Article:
It argues that a free trade agreement could help “diversify Africa`s exports, reducing the volatility of African economies and leading to more sustainable economic growth.” In other words, the agreement could reduce Africa`s dependence on extractive raw materials such as oil and minerals, whose prices often fluctuate on the international market. The agreement was negotiated by the African Union (AU) and signed on 21 March 2018 by 44 of its 55 member states in Kigali, Rwanda.   The agreement first requires members to remove tariffs on 90% of goods, allowing free access to goods, goods and services across the continent.  The UN Economic Commission for Africa estimates that the agreement will boost intra-African trade by 52% by 2022.  The proposal is expected to enter into force 30 days after ratification by 22 of the signatory states.  On 2 April 2019, The Gambia became the 22nd state to ratify the Convention and on 29 April, the Sahrawi Republic tabled the 22nd filing of ratification instruments; The agreement entered into force on 30 May and entered its operational phase following a summit on 7 July 2019.  The Continental Free Trade Area Agreement (AFCFTA) will create the largest free trade area in the world in terms of the number of participating countries. The pact connects 1.3 billion people in 55 countries for a total gross domestic product (GDP) of $3.4 trillion. It has the potential to lift 30 million people out of extreme poverty, but achieving its full potential will depend on the introduction of meaningful political reforms and trade facilitation. The graph below shows the structure of the agreement for the creation of the AfCFTA.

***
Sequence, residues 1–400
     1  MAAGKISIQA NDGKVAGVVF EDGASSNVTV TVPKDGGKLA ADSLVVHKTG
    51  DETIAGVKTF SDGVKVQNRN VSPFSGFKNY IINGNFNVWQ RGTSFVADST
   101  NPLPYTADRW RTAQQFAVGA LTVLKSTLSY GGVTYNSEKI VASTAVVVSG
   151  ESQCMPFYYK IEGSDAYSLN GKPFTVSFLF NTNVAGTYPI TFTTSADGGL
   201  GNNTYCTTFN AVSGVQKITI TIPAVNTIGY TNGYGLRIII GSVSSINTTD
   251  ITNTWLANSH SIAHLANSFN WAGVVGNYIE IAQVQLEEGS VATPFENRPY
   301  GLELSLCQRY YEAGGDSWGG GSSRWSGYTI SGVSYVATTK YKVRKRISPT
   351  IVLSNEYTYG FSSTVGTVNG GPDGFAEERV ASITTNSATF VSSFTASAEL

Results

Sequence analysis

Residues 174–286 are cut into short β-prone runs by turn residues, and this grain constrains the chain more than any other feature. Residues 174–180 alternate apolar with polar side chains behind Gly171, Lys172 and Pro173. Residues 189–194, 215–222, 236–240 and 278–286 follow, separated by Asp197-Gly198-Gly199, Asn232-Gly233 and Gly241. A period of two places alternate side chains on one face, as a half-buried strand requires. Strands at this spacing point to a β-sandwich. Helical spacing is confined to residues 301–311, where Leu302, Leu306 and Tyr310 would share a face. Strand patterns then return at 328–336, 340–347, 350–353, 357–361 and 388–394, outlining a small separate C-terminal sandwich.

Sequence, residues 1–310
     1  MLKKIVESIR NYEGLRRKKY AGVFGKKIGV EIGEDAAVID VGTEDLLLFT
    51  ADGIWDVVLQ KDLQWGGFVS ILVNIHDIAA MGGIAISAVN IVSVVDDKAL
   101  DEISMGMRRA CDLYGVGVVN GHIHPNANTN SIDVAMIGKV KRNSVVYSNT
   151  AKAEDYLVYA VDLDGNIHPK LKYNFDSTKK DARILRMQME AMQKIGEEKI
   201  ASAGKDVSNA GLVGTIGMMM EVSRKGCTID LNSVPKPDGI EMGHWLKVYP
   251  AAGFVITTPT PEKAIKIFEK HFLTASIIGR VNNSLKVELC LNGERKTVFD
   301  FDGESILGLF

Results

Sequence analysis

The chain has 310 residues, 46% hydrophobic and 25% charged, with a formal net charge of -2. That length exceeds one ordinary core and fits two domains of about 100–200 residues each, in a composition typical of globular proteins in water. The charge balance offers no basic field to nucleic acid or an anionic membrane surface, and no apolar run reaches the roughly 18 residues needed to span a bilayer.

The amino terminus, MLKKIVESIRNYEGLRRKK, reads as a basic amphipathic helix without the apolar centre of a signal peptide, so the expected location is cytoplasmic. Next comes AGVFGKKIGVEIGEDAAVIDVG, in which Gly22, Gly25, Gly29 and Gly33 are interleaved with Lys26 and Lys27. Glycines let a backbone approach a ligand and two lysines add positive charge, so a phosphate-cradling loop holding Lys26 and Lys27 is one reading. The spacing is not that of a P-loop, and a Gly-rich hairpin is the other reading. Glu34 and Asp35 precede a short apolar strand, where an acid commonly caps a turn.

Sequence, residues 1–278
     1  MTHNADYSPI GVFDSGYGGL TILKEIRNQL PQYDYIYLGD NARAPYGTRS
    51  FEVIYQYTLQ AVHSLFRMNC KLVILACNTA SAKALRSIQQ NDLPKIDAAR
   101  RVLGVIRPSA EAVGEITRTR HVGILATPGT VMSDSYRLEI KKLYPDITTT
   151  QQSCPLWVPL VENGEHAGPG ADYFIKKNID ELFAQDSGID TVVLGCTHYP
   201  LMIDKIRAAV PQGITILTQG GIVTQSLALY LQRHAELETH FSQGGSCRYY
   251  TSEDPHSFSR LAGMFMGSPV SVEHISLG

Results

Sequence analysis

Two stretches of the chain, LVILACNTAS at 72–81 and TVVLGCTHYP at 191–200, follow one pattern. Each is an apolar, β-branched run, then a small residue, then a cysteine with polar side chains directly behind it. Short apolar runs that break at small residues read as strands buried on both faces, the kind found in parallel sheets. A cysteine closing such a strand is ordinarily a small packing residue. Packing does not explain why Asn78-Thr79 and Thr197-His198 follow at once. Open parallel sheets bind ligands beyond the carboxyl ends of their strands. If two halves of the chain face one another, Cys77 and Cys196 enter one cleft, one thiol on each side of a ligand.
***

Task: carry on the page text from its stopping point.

On July 21, 2018, five other nations signed the agreement, including South Africa. At the time, the Nigerian government stressed that its non-participation was a delay, not a withdrawal, and promised to sign the agreement quickly.  As the Minister of Foreign Affairs had previously pointed out, the Nigerian government intended to continue its discussions with local businesses to ensure the purchase of the agreement by the private sector.  Most AU member states have signed the agreement. Benin, Botswana, Eritrea, Guinea-Bissau, Nigeria and Zambia did not sign the agreement.  Nigerian President Muhammadu Buhari was particularly reluctant to join if it against Nigerian entrepreneurship and Nigerian industry.  On 7 July 2019, Nigeria and Benin pledged to sign free trade with Africa at the 12th Special Session of the Association`s Assembly on ACFTA; Eritrea is the only country among the 55 member states of the African Union that has not signed the agreement.    After the Kigali Summit, further signatures were affixed to the AfCFTA. At the African Union summit in Nouakchott on 1 July 2018, five other nations, including South Africa, joined the agreement. Kenya and Ghana were the first nations to ratify the agreement and file their ratifications on 10 May 2018.  Of the signatories, 22 had to ratify the agreement in order for it to enter into force, and it happened on 29 April 2019, when Sierra Leone and the Arab Democratic Republic of the Sahara ratified the agreement.
 As a result, the agreement came into force 30 days later on 30 May 2019; At that time, only Benin, Nigeria and Eritrea had not signed.